The Romans thought that the asp — that little Egyptian snake that snuggled up with Cleopatra — lived among lavender plants. But that didn’t keep people out of the lavender patch. After all, it was also believed to be an aphrodisiac, good for “the panting and passion of the heart.”

We think lavender tastes like perfume and has enough to do without masquerading as food. You can use lavender in virtually any cosmetic or cleaning agent that you want to scent, and of course, in potpourris, sachets, and sleep pillows.

Buy Premium quality Lavender seeds from our Gardening shop

Toss a few petals or leaves in the rinse water of your lingerie or sheets.

The Best Winter Herbs to Grow

The winter can be frustrating for some. There’s fewer hours of daylight, the weather can be bone-chillingly cold, and you find yourself rotating between squash, brussels sprouts, and bread. It can get dull and repetitive.

But just because it’s colder, doesn’t mean you have to give up on your herb garden. Growing fresh food should be a thing you can do 365 days a year.

 

So, here are some herbs that do a little better in chilly weather—the perfect winter herbs to grow and eat.

Rosemary

Rosemary is a perennial herb, which means that it can be grown year-round, and sturdy enough to defend itself against icy temperatures. This herb will bloom throughout the year, and is one of the more affordable ones to grow and replace in the event that your plant kicks the bucket.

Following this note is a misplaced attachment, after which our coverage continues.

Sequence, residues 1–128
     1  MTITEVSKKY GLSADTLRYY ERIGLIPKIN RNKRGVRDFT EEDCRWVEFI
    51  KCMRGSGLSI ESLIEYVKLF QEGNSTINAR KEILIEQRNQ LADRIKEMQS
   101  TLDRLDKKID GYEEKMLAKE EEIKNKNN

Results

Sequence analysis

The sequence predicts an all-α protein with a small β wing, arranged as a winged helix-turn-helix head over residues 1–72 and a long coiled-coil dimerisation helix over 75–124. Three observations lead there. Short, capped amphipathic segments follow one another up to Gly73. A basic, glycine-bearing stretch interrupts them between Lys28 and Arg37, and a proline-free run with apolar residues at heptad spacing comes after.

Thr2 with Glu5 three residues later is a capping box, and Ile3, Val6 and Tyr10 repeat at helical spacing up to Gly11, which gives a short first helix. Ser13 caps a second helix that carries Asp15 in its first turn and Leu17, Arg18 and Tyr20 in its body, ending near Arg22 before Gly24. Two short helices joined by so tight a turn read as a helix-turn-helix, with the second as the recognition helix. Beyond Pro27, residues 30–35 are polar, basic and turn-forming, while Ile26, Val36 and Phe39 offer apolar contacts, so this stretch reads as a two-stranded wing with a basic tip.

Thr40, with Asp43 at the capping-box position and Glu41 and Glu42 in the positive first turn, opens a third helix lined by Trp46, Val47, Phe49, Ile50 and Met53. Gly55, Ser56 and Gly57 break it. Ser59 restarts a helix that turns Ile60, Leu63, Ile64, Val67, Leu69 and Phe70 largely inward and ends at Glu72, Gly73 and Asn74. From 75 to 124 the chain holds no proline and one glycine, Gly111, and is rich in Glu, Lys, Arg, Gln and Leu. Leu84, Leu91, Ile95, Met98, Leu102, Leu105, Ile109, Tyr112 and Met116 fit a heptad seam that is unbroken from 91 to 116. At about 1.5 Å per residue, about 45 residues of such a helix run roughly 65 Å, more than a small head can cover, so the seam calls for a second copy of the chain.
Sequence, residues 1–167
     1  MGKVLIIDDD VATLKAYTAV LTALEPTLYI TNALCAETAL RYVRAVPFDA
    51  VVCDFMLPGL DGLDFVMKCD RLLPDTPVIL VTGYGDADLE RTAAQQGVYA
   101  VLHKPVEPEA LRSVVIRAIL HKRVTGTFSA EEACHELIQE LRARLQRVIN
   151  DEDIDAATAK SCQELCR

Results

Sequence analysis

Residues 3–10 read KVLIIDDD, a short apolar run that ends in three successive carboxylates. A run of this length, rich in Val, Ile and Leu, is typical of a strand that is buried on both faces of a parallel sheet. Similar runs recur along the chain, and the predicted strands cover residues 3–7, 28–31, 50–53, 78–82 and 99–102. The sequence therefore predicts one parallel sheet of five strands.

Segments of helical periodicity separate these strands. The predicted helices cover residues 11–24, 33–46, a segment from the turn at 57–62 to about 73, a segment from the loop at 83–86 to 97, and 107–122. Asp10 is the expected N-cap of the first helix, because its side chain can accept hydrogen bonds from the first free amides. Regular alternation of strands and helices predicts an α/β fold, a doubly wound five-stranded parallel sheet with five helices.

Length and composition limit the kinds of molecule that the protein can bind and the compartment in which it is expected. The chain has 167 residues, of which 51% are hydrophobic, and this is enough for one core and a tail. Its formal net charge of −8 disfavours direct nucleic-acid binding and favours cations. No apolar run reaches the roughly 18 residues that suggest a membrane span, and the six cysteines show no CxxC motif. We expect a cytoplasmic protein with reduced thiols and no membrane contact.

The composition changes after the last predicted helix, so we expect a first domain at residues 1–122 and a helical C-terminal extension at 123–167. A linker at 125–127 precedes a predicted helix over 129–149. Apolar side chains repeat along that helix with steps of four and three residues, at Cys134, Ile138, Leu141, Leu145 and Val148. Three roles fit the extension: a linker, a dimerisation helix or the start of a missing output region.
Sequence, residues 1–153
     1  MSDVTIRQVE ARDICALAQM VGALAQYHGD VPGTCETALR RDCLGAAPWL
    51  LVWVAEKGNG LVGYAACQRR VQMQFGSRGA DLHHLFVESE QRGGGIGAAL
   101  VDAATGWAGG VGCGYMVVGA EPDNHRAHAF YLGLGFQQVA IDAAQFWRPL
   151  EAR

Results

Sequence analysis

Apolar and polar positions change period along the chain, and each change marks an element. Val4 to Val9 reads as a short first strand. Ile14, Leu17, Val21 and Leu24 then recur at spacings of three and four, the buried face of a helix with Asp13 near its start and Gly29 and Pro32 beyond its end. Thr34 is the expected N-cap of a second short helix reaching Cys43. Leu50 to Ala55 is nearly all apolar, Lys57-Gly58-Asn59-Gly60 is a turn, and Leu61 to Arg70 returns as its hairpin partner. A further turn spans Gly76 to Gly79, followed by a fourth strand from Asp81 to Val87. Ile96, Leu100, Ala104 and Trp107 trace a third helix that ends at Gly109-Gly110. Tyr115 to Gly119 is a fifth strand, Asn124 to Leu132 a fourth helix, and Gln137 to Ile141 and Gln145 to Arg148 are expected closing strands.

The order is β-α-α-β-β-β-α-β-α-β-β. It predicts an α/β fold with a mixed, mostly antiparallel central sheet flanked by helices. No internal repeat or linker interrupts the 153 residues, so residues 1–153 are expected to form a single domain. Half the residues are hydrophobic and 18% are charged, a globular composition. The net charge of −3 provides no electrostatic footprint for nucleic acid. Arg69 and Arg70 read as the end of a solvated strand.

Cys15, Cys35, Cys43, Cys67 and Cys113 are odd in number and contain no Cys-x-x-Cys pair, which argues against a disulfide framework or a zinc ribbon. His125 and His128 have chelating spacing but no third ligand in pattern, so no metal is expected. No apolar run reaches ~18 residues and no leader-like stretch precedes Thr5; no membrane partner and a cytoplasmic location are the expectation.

Rosemary pairs well with heartier meats like lamb and beef, and stands up to pungent flavors like garlic. On top of packing a punch in flavor, rosemary—particularly its oils—has been used to treat things like poor memory, migraines, digestive issues, and other such ailments.

Buy Quality herbs seeds from Gardening Shop Karachi online Shop

Parsley

Don’t underestimate the ubiquitous parsley plant; it’s more resilient than you might think. In harsher (cold) climates, parsley will hide underground to keep itself safe, but don’t worry—it’s still growing, however slowly. In milder winters, it will continue to bloom to provide a nice fresh kick to any dish.

A good tip is to grow lots and lots of parsley to counteract its slow growth over the winter. Because parsley self-seeds, it means that more plants will grow even if you stop planting new ones.

Buy Quality herbs seeds from Gardening Shop Karachi online Shop

Thyme

Like sage, thyme is also a great accompaniment to sage, as well as pork. These sturdy little shrubs will add brightness to your dishes few other herbs do thanks to its lemony tones. They will survive over the winter will little to no up-keep, though there will be very little growth as well.

Having said that, you should be careful not to cut all of your thyme shrub’s old growth, as that will prevent it from growing new leaves, taking away all of the plant’s reserves.

Thyme has also proven to serve medicinal purposes over history. Some studies suggest that the thyme oil can decrease inflammation and airway constriction caused by pulmonary diseases.

Mint

Buy Quality herbs seeds from Gardening Shop Karachi online Shop